Monarchy’s music video for “Disintegration” is an arousing visual feast. This video has garnered many repeated viewings on my part with its titillating sexual appeal and multiple themes that yearn for interpretation. “Disintegration” deals with many ideas such as the underlying darkness concealed beneath domestic bliss, sexual frustration, and the peculiarities of plutonic family life. My favourite sequence in the video involves a mosquito which lands on and begins feeding from Dita Von Teese, who quite clearly is not bothered by the insect’s boldness in the very least - in fact, her reaction is quite the opposite. One of the reasons “Disintegration” succeeds so well is that, while it’s clearly full to the brim with many different jaw dropping visuals, it never feels over loaded and is always very tasteful and classy, even in its most provocative moments. While the video is reminiscent of something Lady Gaga might release, it differs is in its absence of camp and silliness.

Relationships are tough. While many videos deal with this theme, few videos succeed as whimsically and honestly at depicting the valleys and peaks of dating as Passion Pit’s “Carried Away." The narrative never takes clear sides between the male (Portrayed by Passion Pit Frontman, Michael Angelakos) and female counterparts (Sophia Bush, best known for her role on One Tree Hill), instead, the video paints a very real and telling portrait of the ongoing effort, compromises, and communication that must be present for a couple to endure a long and happy life with one another. The video was quite appropriately released on Valentine’s Day. “Carried Away” has more relevant and important things to say about relationships in four minutes than Dr. Phil has shared in his entire career.

One of the most peculiar and memorable videos released this year. FKA Twig’s video is a surreal wonderfully coloured masterpiece that features a distorted and unsettling depiction of FKA Twigs herself performing. The effect creates an increased sense of emotion and is as equally unsettling as it is compelling. “Water Me” is certainly one of the most unique and visually intriguing videos of the year. I could say a million things about this one, but it truthfully must be seen to fully grasp its odd and inspiring artistry.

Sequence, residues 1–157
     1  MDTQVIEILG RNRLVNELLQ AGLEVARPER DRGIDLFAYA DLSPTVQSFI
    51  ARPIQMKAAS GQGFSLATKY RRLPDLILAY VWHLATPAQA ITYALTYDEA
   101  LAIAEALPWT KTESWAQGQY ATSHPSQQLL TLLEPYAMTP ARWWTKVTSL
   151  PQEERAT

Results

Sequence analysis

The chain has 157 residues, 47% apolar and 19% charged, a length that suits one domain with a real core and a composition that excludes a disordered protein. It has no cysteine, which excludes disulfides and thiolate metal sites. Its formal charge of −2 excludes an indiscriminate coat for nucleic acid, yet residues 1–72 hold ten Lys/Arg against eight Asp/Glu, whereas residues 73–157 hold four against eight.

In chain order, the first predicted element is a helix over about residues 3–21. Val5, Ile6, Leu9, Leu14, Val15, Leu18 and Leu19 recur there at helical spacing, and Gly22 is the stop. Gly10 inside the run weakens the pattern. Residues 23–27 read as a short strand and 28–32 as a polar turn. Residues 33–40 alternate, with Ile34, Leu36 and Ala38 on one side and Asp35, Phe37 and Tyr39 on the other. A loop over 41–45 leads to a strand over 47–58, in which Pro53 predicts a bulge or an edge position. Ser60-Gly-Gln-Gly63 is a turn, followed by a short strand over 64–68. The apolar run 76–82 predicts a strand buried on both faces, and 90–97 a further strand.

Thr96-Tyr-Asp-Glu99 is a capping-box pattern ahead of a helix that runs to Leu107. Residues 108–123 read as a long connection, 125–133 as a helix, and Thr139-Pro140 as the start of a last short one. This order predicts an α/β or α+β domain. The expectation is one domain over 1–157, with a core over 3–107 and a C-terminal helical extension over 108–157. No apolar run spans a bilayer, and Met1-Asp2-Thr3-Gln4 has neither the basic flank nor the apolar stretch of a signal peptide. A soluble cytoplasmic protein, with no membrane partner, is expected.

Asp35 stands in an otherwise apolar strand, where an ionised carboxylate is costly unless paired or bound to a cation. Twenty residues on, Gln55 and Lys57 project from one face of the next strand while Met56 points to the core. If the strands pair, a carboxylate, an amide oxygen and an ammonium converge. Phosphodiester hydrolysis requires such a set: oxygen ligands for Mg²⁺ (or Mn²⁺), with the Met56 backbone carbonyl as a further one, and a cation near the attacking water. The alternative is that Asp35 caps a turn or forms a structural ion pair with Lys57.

It’s a commonly known fact that people are often their own worst enemies. Poliça’s music video for “Tiff” quite literally takes this idea to the next level via its gritty, violent, and disturbing imagery. While the squeamish may find this one a difficult viewing, I found it to be a very powerful metaphor for the mental abuses and insecurities we impose on ourselves from day to day. The video sees Poliça’s own Channy Leaneagh brutally torturing an individual with a bag over their head. Their anonymity is not preserved, and in the video’s reveal, we receive one of this year’s greatest and effective music videos.

I’ve got a thing for mysterious and illogical narratives. While I can’t quite seem to piece together the glorious and enigmatic music video for Snakadaktal’s “Hung On Tight”, it is by far one of my favourite music videos of 2013. The video opens with a young man waking abruptly in a tub of freezing cold ice. As he emerges from his chilling state, we see that he has been wounded. As events develop, the plot thickens, but little is revealed about what exactly has gone down. In cases such as this, I prefer to not know. Some mysteries are best left unsolved.